Tesla’s P/S ratio and P/B ratio are both significantly higher than the benchmark of S&P 500. This suggests that Tesla may be overvalued. We will get through the comparison at each sector to further confirm whether Tesla is overvalued or not.
Tesla’s financial data information
2.2.2 Each sector comparable
As the auto industry has abnormally low multiples, Tesla looks overvalued compared to other major automakers on the Price to Sales, Price to Book and EV/EBITDA multiples, when compared to company’s like General Motors, Ford, Toyota, Volkswagen, Honda
However, when we account for top-line growth, it is clear why the market affords Tesla an optimistic multiple, and when we look at bottom line growth via the P/E ratio, Tesla looks undervalued compared to comparable firms in the auto industry, as Tesla has a very low P/E multiple
As, Tesla is being valued as a mega-cap tech firm because of its high-tech niche within the auto industry and its diversification into renewable energy, so when the company is compared to other large-cap tech firms like Apple, Google, Microsoft and Amazon, its multiples look a bit fair as we could see in the chart below that companies like Microsoft and Google have a higher Price to Sales Ratio as compared to Tesla and other big fishes in the market from these analysis we can say Tesla is undervalued when compared to the Tech industry.
The EV/EBITDA ratio is a valuation indicator that compares a company’s overall value to its operational earning power, as it specifies whether a company may be undervalued or overvalued in comparison to industry peers, as the ratio considers both, the company operational earning (EBITDA vs. Net Profit) and a company overall value indicator that also includes financial debt, cash position and minority interests which are key indicators when valuing a firm market value. (Enterprise Value vs. Market Capitalization), thus is a more precise measure than the Price-Earnings(P/E) ratio. The EV/EBITDA ratio of Tesla Inc. is significantly higher than the median of its peers (9.98). According to this financial ratios Tesla Inc.’s valuation is way above the market valuation of its peer group.
3. Institutional Investors and insider trading
We decided to consider the recent activity of institutional investors regarding the trading of Tesla stock. This is important due to the possibility of institutional ownership signalling stronger fundamentals. Mutual funds, pension funds, banks and other financial institutions make money through their ability to generate returns through employing the use of analysts and researchers. According to a 2003 study, there was a correlation between changes in institutional ownership and stock returns over each quarter from the years 1980 to 1994 (Gibson 2003). Institutional ownership currently accounts for 56.87% of Tesla’s shares outstanding. The most recent quarterly filings reveal institutional holdings increased by 5,156,362 shares, and decreased by 15,736,105 (NASDAQ 2017). The number of holders generating these changes were 387 increasing their position, and 268 decreasing their position. This indicates that a smaller number of companies and funds were making larger trades. This is a net institutional ownership decrease of 11.37%, a sign that institutions have a pessimistic outlook towards the company. Therefore, the latest quarterly data on institutional investors signals the notion that Tesla is overvalued.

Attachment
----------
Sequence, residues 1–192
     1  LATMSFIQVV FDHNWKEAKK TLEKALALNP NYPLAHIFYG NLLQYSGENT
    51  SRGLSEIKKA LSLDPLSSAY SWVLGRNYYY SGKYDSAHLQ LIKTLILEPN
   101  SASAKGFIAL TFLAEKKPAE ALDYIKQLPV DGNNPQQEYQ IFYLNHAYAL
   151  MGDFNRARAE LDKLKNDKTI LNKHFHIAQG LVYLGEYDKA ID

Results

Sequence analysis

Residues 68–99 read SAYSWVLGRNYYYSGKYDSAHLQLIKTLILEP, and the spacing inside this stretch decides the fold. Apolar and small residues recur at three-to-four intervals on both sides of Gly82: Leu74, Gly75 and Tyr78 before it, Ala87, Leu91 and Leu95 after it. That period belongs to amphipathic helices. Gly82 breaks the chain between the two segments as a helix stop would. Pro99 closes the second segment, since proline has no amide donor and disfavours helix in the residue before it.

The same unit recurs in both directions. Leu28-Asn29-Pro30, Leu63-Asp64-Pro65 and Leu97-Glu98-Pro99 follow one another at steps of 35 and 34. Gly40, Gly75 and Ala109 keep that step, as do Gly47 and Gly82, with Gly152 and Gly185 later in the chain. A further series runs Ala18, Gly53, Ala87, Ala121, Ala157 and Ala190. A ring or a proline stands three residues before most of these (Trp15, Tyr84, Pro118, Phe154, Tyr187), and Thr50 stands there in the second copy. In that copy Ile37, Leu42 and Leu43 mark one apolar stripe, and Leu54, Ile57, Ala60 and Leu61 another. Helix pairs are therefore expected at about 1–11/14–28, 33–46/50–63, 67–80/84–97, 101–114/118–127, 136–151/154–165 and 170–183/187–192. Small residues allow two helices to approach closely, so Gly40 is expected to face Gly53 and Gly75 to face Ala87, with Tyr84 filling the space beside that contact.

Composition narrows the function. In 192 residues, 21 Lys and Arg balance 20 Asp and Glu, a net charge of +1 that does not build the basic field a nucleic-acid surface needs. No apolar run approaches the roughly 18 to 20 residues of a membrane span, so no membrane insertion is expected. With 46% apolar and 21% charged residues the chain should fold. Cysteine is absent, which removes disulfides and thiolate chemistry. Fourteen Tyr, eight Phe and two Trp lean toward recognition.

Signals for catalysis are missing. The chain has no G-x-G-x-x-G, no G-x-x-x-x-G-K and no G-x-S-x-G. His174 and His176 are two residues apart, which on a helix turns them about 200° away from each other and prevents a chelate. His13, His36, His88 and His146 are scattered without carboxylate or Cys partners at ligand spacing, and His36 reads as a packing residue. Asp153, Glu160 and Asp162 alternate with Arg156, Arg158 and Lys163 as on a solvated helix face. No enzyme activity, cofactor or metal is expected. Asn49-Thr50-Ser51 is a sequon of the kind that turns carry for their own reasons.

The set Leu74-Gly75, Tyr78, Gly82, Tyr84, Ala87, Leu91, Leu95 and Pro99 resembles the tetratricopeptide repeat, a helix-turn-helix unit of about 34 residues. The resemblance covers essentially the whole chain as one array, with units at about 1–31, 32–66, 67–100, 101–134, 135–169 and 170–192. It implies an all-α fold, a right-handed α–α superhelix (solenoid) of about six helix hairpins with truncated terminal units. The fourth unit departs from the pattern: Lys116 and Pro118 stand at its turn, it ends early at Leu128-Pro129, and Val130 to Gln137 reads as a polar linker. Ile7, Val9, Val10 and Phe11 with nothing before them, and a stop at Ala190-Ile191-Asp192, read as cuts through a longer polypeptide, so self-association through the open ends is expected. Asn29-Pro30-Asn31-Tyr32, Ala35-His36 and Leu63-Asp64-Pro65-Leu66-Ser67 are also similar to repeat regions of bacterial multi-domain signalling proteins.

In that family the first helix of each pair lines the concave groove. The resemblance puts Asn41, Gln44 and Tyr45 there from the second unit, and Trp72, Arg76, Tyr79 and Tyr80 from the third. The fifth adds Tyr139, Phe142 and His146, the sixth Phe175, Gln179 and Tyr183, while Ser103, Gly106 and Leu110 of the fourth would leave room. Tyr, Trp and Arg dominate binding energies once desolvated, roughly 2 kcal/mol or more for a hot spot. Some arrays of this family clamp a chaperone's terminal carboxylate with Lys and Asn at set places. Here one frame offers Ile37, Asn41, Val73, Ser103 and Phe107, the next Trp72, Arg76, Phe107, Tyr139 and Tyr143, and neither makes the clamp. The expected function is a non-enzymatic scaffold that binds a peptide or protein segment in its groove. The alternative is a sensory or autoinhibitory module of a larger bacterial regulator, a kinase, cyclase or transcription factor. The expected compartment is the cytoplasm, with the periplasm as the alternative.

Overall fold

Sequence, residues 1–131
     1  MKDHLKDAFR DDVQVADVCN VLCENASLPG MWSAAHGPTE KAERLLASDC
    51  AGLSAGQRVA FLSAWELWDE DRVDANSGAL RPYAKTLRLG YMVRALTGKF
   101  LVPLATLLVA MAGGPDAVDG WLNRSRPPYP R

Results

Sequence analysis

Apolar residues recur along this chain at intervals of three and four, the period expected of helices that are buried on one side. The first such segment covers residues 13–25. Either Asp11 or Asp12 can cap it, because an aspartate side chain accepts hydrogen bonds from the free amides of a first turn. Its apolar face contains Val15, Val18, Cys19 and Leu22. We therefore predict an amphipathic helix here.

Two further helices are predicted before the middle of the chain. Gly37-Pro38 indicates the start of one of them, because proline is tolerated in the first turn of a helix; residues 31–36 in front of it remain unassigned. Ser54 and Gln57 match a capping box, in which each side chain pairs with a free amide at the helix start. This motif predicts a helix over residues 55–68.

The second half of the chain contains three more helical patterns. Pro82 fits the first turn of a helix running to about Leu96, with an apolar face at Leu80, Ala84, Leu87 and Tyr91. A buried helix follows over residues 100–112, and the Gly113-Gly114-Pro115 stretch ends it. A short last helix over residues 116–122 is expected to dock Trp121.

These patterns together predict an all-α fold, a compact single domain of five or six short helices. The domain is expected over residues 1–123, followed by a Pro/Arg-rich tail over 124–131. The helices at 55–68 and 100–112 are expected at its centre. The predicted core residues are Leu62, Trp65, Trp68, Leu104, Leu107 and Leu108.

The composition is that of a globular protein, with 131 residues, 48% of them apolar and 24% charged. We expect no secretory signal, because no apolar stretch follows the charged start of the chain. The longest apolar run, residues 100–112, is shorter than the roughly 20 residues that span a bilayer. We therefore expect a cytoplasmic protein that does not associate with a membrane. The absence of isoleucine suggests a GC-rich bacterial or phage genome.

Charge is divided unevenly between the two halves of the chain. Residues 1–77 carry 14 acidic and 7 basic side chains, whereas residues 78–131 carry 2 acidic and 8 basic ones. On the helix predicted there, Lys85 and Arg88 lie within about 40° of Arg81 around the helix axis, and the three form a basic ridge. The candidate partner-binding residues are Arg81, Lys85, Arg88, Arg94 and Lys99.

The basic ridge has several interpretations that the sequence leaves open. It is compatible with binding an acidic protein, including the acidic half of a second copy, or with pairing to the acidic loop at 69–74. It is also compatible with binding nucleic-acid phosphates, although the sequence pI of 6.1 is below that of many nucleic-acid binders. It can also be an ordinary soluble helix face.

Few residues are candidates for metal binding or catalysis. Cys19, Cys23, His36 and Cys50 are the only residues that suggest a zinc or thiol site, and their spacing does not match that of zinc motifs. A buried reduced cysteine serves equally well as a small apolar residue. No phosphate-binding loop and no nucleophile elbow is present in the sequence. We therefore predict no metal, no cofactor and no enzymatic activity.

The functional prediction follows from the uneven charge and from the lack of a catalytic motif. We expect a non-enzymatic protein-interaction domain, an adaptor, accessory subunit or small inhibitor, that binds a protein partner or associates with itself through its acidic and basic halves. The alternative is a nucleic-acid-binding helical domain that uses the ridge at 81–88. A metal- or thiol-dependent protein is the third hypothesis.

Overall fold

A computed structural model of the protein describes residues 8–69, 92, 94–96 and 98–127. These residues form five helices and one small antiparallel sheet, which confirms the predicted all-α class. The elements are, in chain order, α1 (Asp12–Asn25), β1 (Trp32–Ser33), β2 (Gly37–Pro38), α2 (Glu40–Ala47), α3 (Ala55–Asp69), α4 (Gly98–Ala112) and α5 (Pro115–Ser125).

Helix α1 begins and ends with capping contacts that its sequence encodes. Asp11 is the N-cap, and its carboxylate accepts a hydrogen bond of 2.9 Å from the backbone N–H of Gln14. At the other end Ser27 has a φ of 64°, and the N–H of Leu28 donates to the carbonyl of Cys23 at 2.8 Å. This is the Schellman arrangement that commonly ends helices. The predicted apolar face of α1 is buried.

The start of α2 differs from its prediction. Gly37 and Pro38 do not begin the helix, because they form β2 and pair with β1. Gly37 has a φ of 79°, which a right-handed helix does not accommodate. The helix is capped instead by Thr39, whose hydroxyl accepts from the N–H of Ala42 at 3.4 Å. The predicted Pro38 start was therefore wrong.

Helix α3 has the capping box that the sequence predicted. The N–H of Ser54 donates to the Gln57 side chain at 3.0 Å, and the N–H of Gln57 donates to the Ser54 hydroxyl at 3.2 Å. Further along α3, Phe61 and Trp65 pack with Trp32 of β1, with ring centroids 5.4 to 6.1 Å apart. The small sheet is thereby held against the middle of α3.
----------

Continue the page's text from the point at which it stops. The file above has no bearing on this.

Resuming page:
As well as institutional investors, insights can also be drawn from the trades of insiders. Company senior officers and directors have greater access to information regarding the profitability of Tesla. Over the last three months, there have been two open market buys and nine open market sells by Directors and Officers at Tesla. 5,508 shares have been bought, and 56,626 shares have been sold (NASDAQ 2017). This can be contrasted with the past twelve months, with 2,948,726 shares bought by insiders, and 716,347. The recent shift may indicate that the insiders of Tesla regard the past year’s increase in price from below $200 to well over $300 has been an overreaction by the market, and a future correction will occur. A recent 2017 study found firms which exhibit net selling before a downgrade have significantly lower returns the subsequent year compared to firms with net buying or no net trading by insiders (Hill et al 2017). Whilst Tesla may or may not be subject to a downgrade, the activity of insiders is certainly valuable information to consider.
Lastly, over the last three months Tesla has exhibited a significant positive put/call open interest ratio. This signals that the market is bearish on Tesla stock. The latest figure has the open interest ratio at 1.42.
As shown above, current market interest indicates a bearish sentiment for Tesla due to a net decrease in institutional holdings, net selling by insiders and a positive put/call open interest.
4. Investment Recommendation
Giving an investment recommendation on Tesla Motors can be slightly grim, as there are a few factors to be taken into consideration, For example, the excitement around Elon Musk and the extreme amount of ambiguity about its recent growth. The fact that Tesla is not currently paying dividends, nor has any plans to do it in the future. One might suggest Tesla is an overvalued firm. However, this does not indicate that the stock will not perform in the long-term, but it is extremely exposed to price drops in the future. Tesla could be the leader in electric automobile manufacturing. While now, Tesla’s stock is not a buy, it could be classified as a hold or even something that investors should wait to capitalize on if a price drop occurs. In conclusion, Tesla is a growing company that investors should kept their eyes on. Also, one cannot forget to mention that CEO, Elon Musk is a force to be reckoned with in the technology industry.
After extensive findings our group feels the investment into the company of Tesla Motors would be best, if one waited upon purchase. The company is highly overvalued with their stock prices. It is our suggestion to see what the future holds for Tesla. Tesla is predicted to make a huge jump within the next few years. These predictions make the investment process a gamble. In conclusion, we all can predict the country is looking for environmentally friendly transportation. Once this eco-friendly trend takes off, Tesla Motors will be the automotive company leading the pack.
- http://financials.morningstar.com/valuation/price ratio.html?t=TSLA®ion=usa&culture=en-US
 Cobb, Jeff (2017-01-26). “Tesla Model S Is World’s Best-Selling Plug-in Car for Second Year in A Row”. HybridCars.com. Retrieved 2017-01-31.